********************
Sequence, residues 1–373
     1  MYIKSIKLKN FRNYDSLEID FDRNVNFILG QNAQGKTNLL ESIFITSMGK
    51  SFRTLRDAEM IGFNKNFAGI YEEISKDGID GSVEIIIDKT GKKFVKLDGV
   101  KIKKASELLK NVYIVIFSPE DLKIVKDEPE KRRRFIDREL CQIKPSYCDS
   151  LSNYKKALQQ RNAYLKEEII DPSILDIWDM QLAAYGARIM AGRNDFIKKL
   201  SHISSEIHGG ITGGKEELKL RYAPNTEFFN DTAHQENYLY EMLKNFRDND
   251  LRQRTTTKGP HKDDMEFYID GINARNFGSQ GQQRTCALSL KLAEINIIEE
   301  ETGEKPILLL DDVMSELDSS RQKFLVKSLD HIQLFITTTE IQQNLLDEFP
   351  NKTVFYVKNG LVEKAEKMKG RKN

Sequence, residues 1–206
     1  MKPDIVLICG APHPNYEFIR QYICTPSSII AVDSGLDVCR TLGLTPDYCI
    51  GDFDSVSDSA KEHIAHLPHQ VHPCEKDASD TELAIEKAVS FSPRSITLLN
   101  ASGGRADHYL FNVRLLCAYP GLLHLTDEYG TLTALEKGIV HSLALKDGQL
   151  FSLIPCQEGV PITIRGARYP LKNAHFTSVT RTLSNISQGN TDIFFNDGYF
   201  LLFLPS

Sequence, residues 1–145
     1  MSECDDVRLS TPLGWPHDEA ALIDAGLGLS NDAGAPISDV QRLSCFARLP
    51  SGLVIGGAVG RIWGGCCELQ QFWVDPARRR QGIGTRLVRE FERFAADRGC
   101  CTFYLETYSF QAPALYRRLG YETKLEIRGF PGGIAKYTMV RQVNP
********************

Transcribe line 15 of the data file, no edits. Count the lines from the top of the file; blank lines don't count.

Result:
   201  LLFLPS